Instead of compounding in response to an individual prescription, the New England Compounding Center made large batches of drugs for institutional buyers such as hospitals. Many of its drugs were commercially unavailable but some were knock-offs of marketed FDA-approved drugs – a practice which is clearly unauthorized. NECC’s business model was certainly not unique; neither was the limited and erratic response of state and federal regulators to complaints about the facility’s unsafe manufacturing practices. Congress knew that large-scale compounders existed along with concerns about their safety. Several members of the Senate HELP Committee had worked on curative legislation for over ten years, but made few inroads until the NECC crisis prompted the HELP Committee to shift from park into drive.
Google’s informal corporate slogan is “Don’t be evil.” Whole Foods is a Fortune 500 company with a net revenue of 10 billion dollar that prides itself on a commitment to social responsibility. Both companies have pledged to do long-term good in the world, even at the expense of short-term gains, and both are wildly successful.
If corporations can be profitable as a result of their commitments to social justice and corporate ethics, why can’t this doctrine be extended to the pharmaceutical industry? Someday, a company called GoodPharma might reach the Fortune 500 on the basis of a pledge to improve access to medicine, conduct international research trials in accordance with the highest standards of research ethics, engage in research on orphan diseases, publish negative research findings, promptly report information about adverse effects, and generally act as a model for ethical industry practices. If this business model hasn’t been explored, it should be.
There’s so much we still don’t know about the prescription opioid problem. The partial remedies advanced so far reflect this:
Prescription Drug Monitoring Programs, which in essence define the problem as doctor-shopping patients;
treatment guidelines, which define the problem as doctors without expertise; and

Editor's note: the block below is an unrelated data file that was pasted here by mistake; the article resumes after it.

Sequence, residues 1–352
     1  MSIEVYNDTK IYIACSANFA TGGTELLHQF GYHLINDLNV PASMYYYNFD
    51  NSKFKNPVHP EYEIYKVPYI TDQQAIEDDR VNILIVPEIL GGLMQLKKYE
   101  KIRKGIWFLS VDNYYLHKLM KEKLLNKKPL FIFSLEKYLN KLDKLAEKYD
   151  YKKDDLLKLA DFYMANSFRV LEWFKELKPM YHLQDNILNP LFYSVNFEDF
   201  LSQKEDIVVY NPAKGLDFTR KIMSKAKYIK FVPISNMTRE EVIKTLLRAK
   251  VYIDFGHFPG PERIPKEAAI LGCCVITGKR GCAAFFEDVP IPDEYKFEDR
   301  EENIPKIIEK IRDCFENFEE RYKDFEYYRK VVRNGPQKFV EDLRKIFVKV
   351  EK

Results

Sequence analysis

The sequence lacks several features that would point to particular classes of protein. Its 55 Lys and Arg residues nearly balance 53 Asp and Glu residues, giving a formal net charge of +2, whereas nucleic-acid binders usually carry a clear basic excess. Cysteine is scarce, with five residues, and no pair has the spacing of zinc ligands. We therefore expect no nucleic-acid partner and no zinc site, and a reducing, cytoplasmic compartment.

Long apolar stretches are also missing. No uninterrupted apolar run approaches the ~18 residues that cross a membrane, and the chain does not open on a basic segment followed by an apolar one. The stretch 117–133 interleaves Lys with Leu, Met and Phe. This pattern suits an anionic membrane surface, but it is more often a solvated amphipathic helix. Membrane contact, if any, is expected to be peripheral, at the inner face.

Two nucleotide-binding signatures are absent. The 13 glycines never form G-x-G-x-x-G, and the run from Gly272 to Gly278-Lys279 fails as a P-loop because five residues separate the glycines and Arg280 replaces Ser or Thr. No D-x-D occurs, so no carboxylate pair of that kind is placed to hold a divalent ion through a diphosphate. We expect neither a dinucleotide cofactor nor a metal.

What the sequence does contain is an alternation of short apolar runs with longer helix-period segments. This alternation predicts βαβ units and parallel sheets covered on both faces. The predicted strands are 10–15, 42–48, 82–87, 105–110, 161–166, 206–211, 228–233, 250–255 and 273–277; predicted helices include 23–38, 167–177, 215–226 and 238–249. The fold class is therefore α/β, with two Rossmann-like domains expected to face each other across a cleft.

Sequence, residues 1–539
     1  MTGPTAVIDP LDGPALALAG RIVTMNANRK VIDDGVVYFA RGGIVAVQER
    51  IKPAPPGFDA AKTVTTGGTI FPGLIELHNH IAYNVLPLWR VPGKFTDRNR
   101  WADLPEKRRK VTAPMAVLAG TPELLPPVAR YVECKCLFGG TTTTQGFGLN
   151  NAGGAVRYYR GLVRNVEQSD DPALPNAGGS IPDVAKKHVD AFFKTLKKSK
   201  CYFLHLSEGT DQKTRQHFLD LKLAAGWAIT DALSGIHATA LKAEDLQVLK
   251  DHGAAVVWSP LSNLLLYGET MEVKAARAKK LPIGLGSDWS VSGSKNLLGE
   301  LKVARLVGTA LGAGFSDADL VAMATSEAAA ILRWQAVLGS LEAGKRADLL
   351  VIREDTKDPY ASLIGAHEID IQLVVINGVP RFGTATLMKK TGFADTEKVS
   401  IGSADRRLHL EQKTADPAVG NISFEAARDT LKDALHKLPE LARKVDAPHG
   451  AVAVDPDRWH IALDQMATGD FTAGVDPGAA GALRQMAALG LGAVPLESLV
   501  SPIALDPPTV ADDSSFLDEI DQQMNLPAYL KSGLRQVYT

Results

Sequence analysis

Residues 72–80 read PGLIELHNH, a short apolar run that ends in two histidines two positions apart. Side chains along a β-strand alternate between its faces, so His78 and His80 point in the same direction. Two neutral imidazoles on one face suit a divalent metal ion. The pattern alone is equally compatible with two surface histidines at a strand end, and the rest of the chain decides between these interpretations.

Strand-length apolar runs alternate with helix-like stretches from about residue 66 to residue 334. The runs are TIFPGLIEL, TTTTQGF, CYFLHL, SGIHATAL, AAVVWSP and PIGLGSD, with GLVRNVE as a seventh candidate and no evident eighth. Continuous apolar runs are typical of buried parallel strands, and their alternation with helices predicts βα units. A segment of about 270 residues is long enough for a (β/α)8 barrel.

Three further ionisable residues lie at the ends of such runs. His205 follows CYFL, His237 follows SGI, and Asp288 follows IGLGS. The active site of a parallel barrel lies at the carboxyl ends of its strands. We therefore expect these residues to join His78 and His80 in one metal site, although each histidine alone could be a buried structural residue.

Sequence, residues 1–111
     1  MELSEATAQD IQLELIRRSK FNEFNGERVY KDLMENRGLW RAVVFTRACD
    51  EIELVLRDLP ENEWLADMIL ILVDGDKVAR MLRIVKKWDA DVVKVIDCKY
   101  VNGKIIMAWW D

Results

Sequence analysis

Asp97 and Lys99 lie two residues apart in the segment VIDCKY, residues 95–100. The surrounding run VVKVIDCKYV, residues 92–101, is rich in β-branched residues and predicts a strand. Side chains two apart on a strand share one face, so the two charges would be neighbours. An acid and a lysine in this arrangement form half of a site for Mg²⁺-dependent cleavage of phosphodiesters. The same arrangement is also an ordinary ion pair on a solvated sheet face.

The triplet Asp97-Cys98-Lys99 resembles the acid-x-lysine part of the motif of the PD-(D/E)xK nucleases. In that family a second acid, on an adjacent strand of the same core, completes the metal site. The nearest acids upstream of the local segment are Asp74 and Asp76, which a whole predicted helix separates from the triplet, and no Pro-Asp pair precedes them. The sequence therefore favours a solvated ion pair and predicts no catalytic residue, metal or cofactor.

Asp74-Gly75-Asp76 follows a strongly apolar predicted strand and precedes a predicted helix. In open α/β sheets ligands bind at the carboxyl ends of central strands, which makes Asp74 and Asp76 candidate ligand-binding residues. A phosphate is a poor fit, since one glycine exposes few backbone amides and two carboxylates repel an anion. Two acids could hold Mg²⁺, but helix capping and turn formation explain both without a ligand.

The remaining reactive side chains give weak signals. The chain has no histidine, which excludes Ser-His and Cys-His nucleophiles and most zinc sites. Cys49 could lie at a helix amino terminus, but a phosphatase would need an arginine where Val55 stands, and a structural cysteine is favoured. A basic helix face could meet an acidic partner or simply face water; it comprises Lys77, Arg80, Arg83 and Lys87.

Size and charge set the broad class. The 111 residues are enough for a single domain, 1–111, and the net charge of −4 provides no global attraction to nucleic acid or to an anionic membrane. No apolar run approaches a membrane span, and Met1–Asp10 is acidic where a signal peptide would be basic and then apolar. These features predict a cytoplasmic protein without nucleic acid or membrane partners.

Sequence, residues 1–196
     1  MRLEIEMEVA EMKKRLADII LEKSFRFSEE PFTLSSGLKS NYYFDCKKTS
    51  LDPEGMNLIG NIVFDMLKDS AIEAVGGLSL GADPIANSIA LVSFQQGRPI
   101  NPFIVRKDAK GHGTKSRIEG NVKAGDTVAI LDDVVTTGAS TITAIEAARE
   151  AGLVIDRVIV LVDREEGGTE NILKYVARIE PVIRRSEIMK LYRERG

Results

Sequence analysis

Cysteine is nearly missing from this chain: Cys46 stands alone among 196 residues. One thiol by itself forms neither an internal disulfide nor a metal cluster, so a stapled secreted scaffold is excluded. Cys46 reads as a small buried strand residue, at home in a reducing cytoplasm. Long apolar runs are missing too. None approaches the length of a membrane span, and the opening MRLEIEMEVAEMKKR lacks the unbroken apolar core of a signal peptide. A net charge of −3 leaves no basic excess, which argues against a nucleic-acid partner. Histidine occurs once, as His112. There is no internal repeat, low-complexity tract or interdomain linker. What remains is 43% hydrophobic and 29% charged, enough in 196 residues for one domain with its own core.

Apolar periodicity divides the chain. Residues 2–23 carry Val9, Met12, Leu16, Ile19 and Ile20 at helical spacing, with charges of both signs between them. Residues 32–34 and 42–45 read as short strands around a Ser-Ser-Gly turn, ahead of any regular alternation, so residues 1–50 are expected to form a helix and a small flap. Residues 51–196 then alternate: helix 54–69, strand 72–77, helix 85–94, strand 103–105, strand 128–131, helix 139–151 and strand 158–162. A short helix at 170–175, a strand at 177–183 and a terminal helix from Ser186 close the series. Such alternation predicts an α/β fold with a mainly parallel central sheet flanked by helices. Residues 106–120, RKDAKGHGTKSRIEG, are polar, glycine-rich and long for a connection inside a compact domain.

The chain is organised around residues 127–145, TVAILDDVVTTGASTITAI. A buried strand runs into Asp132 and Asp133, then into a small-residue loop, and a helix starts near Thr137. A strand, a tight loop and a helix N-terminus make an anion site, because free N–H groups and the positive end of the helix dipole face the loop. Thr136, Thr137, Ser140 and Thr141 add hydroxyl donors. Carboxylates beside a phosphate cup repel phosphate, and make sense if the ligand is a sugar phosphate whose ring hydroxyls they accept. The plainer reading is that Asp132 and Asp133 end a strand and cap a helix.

crackdowns on “pill-mills,” which see the issue as physician corruption. Each of these diagnoses has an element of truth, but not necessarily enough to make the treatments effective.
One huge part of the problem has gotten far too little attention: the pharmaceutical supply chain where all these drugs start and along which they are distributed. Now, John Coleman, a former DEA officer, has given us a thorough and compelling primer on the supply chain, describing it and showing where the pressure points are for action. He is not happy about what he sees: DEA is overwhelmed, and too secretive with its data; and the distributors are too interested in profits and far too unwilling to police paying customers. But he also sees room for action and even hope. This article is well worth a read if you are interested in the overdose problem and how to solve it:
P.S. — One of the hopeful signs he sees was Florida’s legislation beefing up state-level monitoring and controls. This takes me back to the successful Wisconsin Cancer Pain Initiative in the 70s and 80s, which articulated the Principle of Balance in drug control and demonstrated that it was possible to have good access to pain medicine and effective control. In those days, David Joranson, the state drug controller, worked closely with DEA, using state regulatory authority to shut down docs and pharmacies who were acting outside the law. The possibility of history repeating itself is a ray of sunlight in the cloudy skies of this issue. (If you are interested in the story, here’s one place to start: Joranson, D., and J. L. Dahl. “Achieving Balance in Drug Policy: The Wisconsin Model.” In Advances in Pain Research and Therapy, edited by CS Hill Jr. and WS Fields. 197-204. New York: Raven Press, 1989.)